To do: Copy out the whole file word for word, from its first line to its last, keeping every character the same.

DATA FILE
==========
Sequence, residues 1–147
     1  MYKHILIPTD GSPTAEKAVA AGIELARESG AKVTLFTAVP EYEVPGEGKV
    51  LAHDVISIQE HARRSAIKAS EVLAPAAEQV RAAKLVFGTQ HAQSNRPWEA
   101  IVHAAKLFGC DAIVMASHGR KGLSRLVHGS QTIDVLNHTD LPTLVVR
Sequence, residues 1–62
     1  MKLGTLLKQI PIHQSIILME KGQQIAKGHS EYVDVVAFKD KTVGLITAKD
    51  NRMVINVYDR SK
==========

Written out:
Sequence, residues 1–147
     1  MYKHILIPTD GSPTAEKAVA AGIELARESG AKVTLFTAVP EYEVPGEGKV
    51  LAHDVISIQE HARRSAIKAS EVLAPAAEQV RAAKLVFGTQ HAQSNRPWEA
   101  IVHAAKLFGC DAIVMASHGR KGLSRLVHGS QTIDVLNHTD LPTLVVR
Sequence, residues 1–62
     1  MKLGTLLKQI PIHQSIILME KGQQIAKGHS EYVDVVAFKD KTVGLITAKD
    51  NRMVINVYDR SK